Media Center

Press Releases

FOR IMMEDIATE RELEASE | December 10, 2007

Alzheimer's Foundation of America Kicks Off Teens Initiatives
Introduces First College Scholarship and New Web Site

NEW YORK, NY—Six years ago, at the age of nine, Courtney Henley of Westbury, NY found herself in a situation unlike most other kids her age. Her father was diagnosed with Alzheimer's disease when he was only 36, and, since then, Henley has painstakingly watched her father's illness progress.

As she has helped her mother with some caregiving responsibilities and has stood by her dad's side through various hospital stays, Henley has found refuge in AFA Teens, a branch of the Alzheimer's Foundation of America (AFA).

“In my house, my family is always busy taking care of my dad, so if I have a question, AFA Teens is always there as a place for support and education about the disease,” said Henley, who is currently a junior in high school.

Due to the growing incidence of Alzheimer's disease and the number of teenagers thrust into caregiving roles, AFA now is stepping up its AFA Teens division into high gear. It is introducing the first of its kind “AFA Teens for Alzheimer's Awareness College Scholarship” and a newly designed Web site specifically for teens, and is encouraging youngsters to start up AFA Teens chapters nationwide.

“This unique branch of AFA and the scholarship, in particular, offers teens the chance to speak their minds while showing them the power they have to generate awareness for such an important cause,” said Eric J. Hall, AFA's chief executive officer.

Beginning in 2008, AFA will award a $5,000 scholarship to one deserving college-bound student annually, to be used toward the first year of the student's education at a four-year college or university. The scholarship application asks high school juniors and seniors to write a 1,200 word essay giving thoughtful consideration to “the impact Alzheimer's disease has on their own lives and what they have learned about themselves, their family and/or their community in coping with the disease.” The deadline for applications is February 15 of each year. For more details and an application visit www.afateens.org .

In a further effort to provide teens with resources, AFA recently unveiled a newly designed Web site, www.afateens.org . The Web site features a contemporary look and gives teens the opportunity to connect with each other through a chat room and to express their thoughts on a bulletin board. The site also offers a comprehensive understanding of the disease, including its symptoms, communication techniques and strategies to cope with challenging behaviors and other issues.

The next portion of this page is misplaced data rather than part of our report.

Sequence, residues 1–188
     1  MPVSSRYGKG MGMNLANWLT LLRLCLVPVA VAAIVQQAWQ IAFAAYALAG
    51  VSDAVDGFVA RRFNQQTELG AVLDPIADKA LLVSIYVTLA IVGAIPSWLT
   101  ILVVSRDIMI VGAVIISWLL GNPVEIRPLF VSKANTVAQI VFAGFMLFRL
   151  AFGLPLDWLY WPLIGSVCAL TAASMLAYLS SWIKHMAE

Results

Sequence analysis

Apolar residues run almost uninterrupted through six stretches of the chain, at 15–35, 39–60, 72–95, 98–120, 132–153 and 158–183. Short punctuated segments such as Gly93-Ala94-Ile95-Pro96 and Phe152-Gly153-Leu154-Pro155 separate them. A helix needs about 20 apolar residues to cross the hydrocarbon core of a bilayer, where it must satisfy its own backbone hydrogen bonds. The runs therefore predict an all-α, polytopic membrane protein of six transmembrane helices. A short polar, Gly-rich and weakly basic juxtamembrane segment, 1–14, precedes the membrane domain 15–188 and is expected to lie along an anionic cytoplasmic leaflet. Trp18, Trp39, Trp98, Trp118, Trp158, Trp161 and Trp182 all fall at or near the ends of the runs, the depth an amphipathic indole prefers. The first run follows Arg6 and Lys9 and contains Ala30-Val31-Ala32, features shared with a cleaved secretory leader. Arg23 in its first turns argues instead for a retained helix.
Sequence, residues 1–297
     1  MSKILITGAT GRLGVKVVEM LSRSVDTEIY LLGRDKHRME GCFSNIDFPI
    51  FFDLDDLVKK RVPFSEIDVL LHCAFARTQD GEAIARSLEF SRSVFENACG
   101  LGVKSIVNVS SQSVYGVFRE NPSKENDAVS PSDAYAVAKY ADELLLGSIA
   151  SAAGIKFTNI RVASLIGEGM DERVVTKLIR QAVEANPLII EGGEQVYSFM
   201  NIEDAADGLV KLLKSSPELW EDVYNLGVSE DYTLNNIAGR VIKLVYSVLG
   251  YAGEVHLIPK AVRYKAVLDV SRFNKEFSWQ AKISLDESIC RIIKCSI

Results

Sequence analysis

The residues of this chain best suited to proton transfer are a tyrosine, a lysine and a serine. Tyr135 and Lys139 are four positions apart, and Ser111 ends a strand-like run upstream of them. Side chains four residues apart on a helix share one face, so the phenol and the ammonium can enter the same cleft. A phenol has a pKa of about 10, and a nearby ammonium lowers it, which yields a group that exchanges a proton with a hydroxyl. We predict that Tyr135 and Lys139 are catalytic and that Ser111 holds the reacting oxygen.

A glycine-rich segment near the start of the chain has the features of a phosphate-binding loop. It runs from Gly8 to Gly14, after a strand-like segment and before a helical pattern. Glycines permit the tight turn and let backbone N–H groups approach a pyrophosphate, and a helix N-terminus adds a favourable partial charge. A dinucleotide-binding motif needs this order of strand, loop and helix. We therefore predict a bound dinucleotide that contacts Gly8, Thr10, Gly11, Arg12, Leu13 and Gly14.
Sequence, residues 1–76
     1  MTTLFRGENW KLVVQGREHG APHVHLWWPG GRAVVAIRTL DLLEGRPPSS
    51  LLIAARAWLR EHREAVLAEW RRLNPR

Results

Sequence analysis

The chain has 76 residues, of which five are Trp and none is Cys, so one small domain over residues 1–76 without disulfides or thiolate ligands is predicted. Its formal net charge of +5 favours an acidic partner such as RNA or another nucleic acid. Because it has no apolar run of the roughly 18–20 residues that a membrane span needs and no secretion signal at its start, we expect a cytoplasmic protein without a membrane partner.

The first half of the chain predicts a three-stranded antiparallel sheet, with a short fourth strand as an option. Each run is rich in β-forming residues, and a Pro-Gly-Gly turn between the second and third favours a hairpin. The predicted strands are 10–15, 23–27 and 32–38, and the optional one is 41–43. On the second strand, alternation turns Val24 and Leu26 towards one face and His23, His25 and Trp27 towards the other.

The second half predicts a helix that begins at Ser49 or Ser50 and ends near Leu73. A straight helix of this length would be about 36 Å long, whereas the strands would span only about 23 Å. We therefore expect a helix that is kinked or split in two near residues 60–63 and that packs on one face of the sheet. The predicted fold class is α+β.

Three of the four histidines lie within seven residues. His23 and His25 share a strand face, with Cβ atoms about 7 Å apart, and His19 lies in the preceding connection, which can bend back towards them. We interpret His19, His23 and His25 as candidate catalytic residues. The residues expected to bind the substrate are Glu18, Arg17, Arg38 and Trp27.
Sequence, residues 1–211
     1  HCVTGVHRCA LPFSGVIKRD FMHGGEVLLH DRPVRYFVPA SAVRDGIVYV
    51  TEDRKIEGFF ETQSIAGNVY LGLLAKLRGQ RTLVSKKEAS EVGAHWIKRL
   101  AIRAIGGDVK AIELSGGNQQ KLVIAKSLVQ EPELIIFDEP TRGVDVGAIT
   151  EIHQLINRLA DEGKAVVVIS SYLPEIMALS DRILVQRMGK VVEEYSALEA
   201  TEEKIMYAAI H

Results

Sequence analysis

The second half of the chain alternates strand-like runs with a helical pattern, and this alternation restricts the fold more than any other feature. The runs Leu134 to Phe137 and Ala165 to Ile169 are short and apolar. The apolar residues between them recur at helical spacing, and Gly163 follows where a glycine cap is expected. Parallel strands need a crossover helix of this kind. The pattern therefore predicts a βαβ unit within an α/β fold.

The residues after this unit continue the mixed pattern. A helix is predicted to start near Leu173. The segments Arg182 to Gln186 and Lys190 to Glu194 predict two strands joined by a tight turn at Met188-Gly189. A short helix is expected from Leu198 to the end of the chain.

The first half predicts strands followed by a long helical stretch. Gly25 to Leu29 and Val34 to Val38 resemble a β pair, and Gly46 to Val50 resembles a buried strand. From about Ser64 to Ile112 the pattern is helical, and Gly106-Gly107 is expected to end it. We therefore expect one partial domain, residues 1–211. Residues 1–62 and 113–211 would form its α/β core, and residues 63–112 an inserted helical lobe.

In addition, AFA is aggressively looking to expand its AFA Teens branch through the involvement of more middle school and high school students nationwide. The new Web site provides details on how to begin a chapter at a school or community organization.

Henley is among those getting even more involved: she plans to establish an AFA Teens chapter at Westbury High School, where she is a student.

“I've learned that there are many kids in my school who have grandparents, aunts, uncles and other relatives with the disease…by starting a chapter at my high school, I hope to raise awareness among teenagers like myself. Who knows? The person who will one day find the cure for Alzheimer's disease might be someone who was involved in my local chapter,” said Henley.

Others like Henley also are thrust into handling caregiving responsibilities at a young age. A s urvey by the National Alliance for Caregiving and United Hospital Fund found that more than one million children nationwide take care of sick or disabled parents and grandparents; Alzheimer's disease and dementia were the most prevalent illnesses.

It is projected that the number of Americans with Alzheimer's disease could more than triple to 16 million by mid-century. While most people with Alzheimer's disease are aged 65 or older, about 500,000 Americans have a form of Alzheimer's disease called early-onset, which can affect adults as young as in their 30's.

Even teenagers whose families are not directly affected by Alzheimer's disease are joining AFA Teens. Alan Katz recently started AFA Teens at Watchung Hills High School in Warren, NJ after several years of doing volunteer work with individuals with Alzheimer's disease.

“I couldn't escape the feeling that more help was needed,” he said. “Whether teens are touched by Alzheimer's disease through personal experiences in their families or by being involved in community service, the AFA Teens organization is the answer—an opportunity to raise awareness in school communities, get other people involved and coordinate local efforts.”

AFA Teens was founded in 2002 by Neha Chauhan, then a high school student, who wanted to educate and engage teenagers in the cause. Its mission is to provide education, counseling and support to young family members, enable teens to share feelings and experiences with their peers and experts, and refer families to various support services available at AFA and its member organizations.

Chauhan of Staten Island, NY is thrilled about the division's growth and the new developments.

“Through these initiatives, AFA Teens will continue to bridge the generation gap between teenagers and those with Alzheimer's disease,” said Chauhan, now a senior at Harvard University.

For more information about AFA Teens, visit www.afateens.org or call 866-232-8484.

The Alzheimer's Foundation of America is a national nonprofit organization headquartered in New York and made up of hundreds of member organizations that provide hands-on programs to meet the educational, emotional, practical and social needs

of families affected by Alzheimer's disease and related illnesses. For more information, visit www.alzfdn.org or call 866-232-8484.

Contact: Carol Steinberg
Phone: 866-AFA-8484


Alzheimer's Foundation of America  866.232.8484

www.alzfdn.org